Farmers helping fire-affected farmers

Amidst the devastating stories of loss and heartache during a natural disaster, stories of mateship and camaraderie often emerge through the smoke and haze. One such story is of new project using agricultural technology to connect farmers with fire-affected farmers to give them the help they need.

Australia’s farming community is showing its solidarity in the face of the current fire season by using technology to connect with each other.

Farm management software company AgriWebb recently launched ‘The AgriWebb Community – Helping Hand Project’ to help fire-affected farmers get the help they need.

AgriWebb is typically a farm-management app that enables livestock farmers to digitise their records (such as movements, treatments, and weights) to improve their decision-making ability. However, in the face of the current fire crisis, AgriWebb Co-founder, John Fargher and the AgriWebb team were keen to contribute to the recovery. After receiving a number of offers from the AgriWebb community, Mr Fargher realised AgriWebb was well placed to make a difference.

“While Australians have been shocked by the scale of destruction caused by the current bushfires, the true horror awaits many farmers on their return home,” he said. 

“Buildings have been destroyed, crops lost, and livestock has perished. There are fears up to 100,000 livestock could be lost. The figures are almost too great to grasp.”

“We know there are people out there who want to lend a hand so we decided we could drive a community project to help connect these people with those who need help,” Mr Fargher said. 

The AgriWebb Community – Helping Hand Project aims to connect farmers needing assistance with farmers willing to help, and they do not have to be AgriWebb customers or users. Farmers can register at www.agriwebb.com/helping-hand-project to assist other farmers, while those affected by bushfires can also register for help – whether they need labour, agistment, feed or machinery.

“From there, our team will match up those who can help with those who need help,” Mr Fargher said. 

James Houston, a cattle farmer in Burrowye, Victoria, has experienced loss from fires first hand.

“We have had 11,000 out of 14,000 acres of grassland burnt and we have 4,500 cattle to feed with 100-200 head lost [bushfire related],” Mr Houston said.

“We need fodder, feed, agistment and also need a mobile mechanic workshop for machinery maintenance of the vehicles that are working in the smoke all day. Currently, we have homes for three B-doubles of cattle but need 37 more. We might have a home for 20 B-doubles and will know in the next 48 hours. We will keep the weaners, heifers and first calvers on farm so there’s a need for fodder. Trucks aren’t being let in with petrol for generators to run houses/pumps/machinery and we will be out of power for the next two to three months,” he said.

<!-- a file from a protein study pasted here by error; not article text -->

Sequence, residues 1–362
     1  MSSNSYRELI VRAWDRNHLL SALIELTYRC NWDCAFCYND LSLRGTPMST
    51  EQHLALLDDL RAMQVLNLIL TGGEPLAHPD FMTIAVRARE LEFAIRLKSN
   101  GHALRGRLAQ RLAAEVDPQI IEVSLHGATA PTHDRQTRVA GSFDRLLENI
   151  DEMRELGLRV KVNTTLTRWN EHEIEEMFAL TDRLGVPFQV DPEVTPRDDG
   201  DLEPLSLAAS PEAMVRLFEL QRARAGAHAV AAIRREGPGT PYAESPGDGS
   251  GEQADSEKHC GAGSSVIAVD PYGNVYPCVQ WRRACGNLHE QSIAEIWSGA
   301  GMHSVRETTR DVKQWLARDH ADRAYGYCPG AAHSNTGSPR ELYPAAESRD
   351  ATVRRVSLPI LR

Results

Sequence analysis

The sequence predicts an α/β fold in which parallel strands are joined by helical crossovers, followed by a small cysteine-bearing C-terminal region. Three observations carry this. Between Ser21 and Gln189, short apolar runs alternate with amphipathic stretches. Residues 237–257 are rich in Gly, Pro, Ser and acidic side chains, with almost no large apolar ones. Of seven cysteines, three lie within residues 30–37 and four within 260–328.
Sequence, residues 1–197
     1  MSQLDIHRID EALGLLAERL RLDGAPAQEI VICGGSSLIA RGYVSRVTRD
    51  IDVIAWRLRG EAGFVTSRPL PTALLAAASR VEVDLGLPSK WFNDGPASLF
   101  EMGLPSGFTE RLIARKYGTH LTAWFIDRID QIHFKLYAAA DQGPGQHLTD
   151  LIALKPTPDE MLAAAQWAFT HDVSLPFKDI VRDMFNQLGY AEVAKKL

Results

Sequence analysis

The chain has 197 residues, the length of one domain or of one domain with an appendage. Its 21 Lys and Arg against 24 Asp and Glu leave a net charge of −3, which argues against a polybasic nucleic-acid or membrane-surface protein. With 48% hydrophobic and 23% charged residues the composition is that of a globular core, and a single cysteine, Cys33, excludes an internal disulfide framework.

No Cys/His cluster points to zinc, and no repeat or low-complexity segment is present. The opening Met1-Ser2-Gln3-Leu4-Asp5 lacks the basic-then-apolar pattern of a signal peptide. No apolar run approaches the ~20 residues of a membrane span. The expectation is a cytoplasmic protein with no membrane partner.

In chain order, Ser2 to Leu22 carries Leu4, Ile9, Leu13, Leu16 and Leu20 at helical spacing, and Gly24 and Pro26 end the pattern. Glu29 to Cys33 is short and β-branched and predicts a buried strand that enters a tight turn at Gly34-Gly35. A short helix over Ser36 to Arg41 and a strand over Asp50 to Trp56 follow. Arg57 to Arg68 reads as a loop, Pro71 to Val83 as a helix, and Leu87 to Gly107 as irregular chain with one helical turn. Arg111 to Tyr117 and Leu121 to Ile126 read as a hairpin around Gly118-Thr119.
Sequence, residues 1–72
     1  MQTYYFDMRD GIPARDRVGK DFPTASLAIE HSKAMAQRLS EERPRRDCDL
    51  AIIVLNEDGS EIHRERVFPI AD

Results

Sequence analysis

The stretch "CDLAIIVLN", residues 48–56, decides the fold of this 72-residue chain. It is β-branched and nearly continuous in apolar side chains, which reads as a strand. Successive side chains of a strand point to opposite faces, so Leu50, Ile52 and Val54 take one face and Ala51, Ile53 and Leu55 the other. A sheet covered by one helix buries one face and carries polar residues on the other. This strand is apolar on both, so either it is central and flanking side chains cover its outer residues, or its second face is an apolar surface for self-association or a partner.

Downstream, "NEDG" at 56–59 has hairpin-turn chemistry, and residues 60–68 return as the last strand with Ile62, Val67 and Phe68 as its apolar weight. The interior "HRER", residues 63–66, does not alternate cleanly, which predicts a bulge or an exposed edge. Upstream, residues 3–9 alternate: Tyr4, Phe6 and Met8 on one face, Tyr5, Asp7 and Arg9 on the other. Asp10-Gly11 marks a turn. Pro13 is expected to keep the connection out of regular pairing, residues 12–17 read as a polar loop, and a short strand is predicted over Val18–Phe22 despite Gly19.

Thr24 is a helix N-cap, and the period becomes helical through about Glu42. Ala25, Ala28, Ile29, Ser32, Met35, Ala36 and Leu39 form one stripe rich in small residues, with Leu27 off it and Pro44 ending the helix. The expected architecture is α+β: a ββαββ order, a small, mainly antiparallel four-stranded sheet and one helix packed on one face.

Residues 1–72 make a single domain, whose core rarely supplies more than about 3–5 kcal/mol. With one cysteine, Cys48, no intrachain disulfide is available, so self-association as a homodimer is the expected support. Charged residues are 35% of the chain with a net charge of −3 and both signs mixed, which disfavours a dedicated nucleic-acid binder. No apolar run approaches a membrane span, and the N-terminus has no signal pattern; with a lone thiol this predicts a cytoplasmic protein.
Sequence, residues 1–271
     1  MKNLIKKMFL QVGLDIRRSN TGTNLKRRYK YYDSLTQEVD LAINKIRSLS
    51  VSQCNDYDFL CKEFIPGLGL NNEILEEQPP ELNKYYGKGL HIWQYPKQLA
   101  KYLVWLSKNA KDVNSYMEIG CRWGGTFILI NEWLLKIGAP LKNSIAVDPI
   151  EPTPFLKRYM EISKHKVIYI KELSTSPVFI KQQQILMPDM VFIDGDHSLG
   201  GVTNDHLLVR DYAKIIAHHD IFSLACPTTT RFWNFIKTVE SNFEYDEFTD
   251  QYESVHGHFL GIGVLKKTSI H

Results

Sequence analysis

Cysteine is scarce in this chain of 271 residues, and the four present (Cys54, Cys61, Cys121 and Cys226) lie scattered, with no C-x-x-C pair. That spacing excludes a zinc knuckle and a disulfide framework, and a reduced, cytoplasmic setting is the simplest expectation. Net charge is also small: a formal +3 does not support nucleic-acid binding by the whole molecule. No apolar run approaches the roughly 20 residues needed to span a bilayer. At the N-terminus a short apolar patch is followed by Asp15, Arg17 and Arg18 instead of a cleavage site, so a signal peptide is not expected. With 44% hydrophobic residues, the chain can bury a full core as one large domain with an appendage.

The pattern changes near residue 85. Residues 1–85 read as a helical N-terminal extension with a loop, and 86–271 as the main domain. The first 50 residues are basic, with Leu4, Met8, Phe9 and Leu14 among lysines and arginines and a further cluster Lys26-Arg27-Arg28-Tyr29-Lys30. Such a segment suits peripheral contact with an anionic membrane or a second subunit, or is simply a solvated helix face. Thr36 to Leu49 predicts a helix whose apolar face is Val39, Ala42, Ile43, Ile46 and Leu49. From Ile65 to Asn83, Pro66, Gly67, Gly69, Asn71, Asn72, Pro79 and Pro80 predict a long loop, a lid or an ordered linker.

AgriWebb’s Mr Fargher said, “I hope the wider farming community gets on board. Nobody understands the needs of farmers like farmers. They have the equipment, supplies and know-how to make a difference, and quickly.”

Mr Fargher knows the personal impact all too well, having heard the stories firsthand from customers, as well as his father-in-law’s property being hit by the Kangaroo Island fires.

“There are people who have lost everything,” he said. 

Since 2014, AgriWebb has built a community of 3,500+ farmers. According to the company, as of January 8, 167 AgriWebb users had farms under threat of fire, with some 409,000 livestock at risk and more than 200,000 hectares burned. Those numbers are expected to rise.

In addition to the Helping Hand Project, AgriWebb has previously helped a number of farmers suffering through drought to find assistance via its AgriWebb Community Facebook Group, with AgriWebb Co-Founder and Chairman Justin Webb recently providing agistment of 220 livestock for a severely drought-affected customer in New South Wales, onto their family farm in Victoria. 

AgriWebb is also helping users get the financial assistance they are entitled to and is building a measurement tool so farmers can calculate the loss in fence infrastructure for insurance claims. 

“The idea came from one of our customers on Kangaroo Island who lost every fence line on his farm and rang up to ask how we could help. We want to clear any hurdles farmers face in an already tough time. This simple tool will save our customer hours of time in calculating the losses” Mr Fargher said.

For people who are not farmers but still want to help, AgriWebb encourages a donation to Burrumbottock Hay Runners. 

“Before the fires even started, they were doing a great job delivering hay to get farmers through the drought,” Mr Fargher said. 

“Now, their work is more important than ever.”